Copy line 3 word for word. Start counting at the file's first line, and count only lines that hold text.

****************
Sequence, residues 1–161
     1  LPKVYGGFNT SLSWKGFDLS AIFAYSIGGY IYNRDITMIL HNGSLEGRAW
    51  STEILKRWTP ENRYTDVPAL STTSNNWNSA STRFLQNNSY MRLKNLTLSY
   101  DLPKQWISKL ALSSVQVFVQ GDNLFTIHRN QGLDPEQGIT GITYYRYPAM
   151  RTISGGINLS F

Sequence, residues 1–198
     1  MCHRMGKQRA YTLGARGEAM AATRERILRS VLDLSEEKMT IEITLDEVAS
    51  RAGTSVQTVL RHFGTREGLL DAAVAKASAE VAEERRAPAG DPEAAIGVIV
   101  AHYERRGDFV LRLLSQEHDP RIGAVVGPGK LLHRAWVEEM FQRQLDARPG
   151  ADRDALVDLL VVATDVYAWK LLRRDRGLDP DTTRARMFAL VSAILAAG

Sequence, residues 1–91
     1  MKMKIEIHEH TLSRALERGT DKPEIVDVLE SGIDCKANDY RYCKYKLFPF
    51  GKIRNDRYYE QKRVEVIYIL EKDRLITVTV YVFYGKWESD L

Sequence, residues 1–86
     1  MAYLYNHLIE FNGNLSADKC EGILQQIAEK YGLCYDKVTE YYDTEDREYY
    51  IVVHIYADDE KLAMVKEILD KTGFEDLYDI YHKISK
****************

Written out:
    51  STEILKRWTP ENRYTDVPAL STTSNNWNSA STRFLQNNSY MRLKNLTLSY